Sweetwater by Lisa Henry #LGBT #DuoReview #Audiobook #Historical #MM

Melissa reviews the ebook version of ‘Sweetwater’ by Lisa Henry. The ebook was published on September 29th, 2014 by Riptide Publishing and is 256 pages long. Marc reviews the audiobook version of the book, which was published on August 5th, 2016, narrated by Dorian Bane and is 7 hrs and 39 mins long.

An ARC was provided in exchange for an honest review.

Why Melissa read this book:  I am a huge fan of Lisa Henry and the blurb got my attention.  I need to branch out in my reading and when RGR historical theme came up, I felt this was the perfect time to read this one.

Why Marc read this book: RGR received a review copy of this book a while back, but I needed to be in the right mind set for this story as I don’t often read Westerns and know Lisa Henry likes her stories way dark. When the audiobook version came out, I  used a credit to get it and saw it as a sign that it was time to start the story. I was not disappointed.

*****

sweetwaterWyoming Territory, 1870.

Elijah Carter is afflicted. Most of the townsfolk of South Pass City treat him as a simpleton because he’s deaf, but that’s not his only problem. Something in Elijah runs contrary to nature and to God. Something that Elijah desperately tries to keep hidden.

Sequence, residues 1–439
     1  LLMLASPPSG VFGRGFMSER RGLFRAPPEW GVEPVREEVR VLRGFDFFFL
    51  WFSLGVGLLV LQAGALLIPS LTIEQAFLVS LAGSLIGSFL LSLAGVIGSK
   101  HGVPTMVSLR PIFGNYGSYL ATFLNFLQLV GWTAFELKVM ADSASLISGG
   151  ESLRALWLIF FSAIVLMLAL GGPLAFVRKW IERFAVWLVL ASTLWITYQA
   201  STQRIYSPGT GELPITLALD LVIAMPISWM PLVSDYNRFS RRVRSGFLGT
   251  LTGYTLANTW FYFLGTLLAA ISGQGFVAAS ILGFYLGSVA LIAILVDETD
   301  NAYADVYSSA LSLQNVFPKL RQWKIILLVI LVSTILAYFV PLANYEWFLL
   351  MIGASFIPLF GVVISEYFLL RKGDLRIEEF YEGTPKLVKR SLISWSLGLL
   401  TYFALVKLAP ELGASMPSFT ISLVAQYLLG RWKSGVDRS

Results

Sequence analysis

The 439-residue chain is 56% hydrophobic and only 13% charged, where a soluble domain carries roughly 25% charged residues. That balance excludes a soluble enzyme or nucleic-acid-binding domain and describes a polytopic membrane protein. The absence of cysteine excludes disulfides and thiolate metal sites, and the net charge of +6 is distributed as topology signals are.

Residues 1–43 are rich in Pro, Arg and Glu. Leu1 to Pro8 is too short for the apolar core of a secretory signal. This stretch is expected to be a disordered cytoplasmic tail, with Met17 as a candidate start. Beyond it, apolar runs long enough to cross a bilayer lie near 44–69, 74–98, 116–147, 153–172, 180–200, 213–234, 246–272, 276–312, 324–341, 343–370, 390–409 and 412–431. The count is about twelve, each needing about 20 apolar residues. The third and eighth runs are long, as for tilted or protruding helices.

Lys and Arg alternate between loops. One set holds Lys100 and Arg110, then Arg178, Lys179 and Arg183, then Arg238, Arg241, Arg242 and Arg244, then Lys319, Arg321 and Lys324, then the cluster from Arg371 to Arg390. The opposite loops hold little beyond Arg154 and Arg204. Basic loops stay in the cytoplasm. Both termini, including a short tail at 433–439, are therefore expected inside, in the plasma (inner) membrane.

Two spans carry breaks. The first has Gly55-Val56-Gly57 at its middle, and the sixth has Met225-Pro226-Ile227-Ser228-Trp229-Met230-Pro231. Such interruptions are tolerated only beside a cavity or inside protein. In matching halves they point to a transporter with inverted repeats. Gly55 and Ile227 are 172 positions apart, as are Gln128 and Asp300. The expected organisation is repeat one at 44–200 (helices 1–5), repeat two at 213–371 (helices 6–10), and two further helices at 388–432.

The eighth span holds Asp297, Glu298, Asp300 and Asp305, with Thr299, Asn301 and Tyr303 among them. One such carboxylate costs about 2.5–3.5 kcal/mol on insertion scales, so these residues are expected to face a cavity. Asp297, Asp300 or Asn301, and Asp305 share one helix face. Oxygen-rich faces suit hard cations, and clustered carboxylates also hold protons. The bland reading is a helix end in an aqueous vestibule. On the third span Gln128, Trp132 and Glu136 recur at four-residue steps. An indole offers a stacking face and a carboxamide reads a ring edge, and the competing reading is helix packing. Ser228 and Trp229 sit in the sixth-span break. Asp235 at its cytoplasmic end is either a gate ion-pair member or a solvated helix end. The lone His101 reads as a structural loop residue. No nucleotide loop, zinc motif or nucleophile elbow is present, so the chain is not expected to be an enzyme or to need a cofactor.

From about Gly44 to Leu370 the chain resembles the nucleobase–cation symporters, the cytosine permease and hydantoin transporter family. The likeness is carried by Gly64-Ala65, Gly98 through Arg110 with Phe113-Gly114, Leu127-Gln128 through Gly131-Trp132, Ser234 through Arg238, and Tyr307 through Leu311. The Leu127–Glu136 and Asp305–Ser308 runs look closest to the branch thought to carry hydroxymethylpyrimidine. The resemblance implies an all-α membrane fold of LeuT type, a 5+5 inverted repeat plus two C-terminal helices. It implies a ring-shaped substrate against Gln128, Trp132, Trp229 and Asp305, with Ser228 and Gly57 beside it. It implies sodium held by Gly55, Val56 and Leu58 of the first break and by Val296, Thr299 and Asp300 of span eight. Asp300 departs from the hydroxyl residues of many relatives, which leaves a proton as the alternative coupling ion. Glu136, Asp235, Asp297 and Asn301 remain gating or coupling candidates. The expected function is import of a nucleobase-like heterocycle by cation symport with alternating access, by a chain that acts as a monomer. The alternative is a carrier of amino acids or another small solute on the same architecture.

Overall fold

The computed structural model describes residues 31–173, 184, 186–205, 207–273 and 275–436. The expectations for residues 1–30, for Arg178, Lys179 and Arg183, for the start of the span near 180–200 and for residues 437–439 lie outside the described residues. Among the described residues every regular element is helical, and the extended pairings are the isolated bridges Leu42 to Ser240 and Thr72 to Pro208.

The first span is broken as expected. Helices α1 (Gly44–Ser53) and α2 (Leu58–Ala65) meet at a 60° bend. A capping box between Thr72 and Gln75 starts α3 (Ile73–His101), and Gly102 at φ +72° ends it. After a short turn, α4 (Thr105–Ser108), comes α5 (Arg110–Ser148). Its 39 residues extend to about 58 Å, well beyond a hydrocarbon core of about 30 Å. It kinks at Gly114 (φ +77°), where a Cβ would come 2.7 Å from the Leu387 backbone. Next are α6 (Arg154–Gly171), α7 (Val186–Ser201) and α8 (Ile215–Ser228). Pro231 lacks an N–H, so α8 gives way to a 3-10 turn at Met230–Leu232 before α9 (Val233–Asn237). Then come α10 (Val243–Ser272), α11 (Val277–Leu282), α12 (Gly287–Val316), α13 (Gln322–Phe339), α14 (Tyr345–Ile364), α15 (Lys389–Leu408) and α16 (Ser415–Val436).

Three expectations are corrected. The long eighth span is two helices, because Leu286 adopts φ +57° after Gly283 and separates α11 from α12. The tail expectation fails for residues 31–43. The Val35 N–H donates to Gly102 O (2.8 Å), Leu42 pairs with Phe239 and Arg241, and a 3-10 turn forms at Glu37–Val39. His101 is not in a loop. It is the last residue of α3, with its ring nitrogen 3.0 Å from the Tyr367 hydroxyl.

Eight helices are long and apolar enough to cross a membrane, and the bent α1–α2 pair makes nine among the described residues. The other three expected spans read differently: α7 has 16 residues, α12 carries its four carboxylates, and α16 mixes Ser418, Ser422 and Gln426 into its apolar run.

Harlan Crane, owner of the Empire saloon, knows Elijah for what he is—and for all the ungodly things he wants. But Crane isn’t the only one. Grady Mullins desires Elijah too, but unlike Crane, he refuses to push the kid.

When violence shatters Elijah’s world, he is caught between two very different men and two devastating urges: revenge, and despair. In a boomtown teetering on the edge of a bust, Elijah must face what it means to be a man in control of his own destiny, and choose a course that might end his life . . . or truly begin it for the very first time.

(Publisher’s note: This title contains dubious consent.)

Buy Links: Amazon | AudibleiTunes | Kobo | Riptide PublishingAdd to Goodreads


Review

Melissa’s eBook review of ‘Sweetwater’: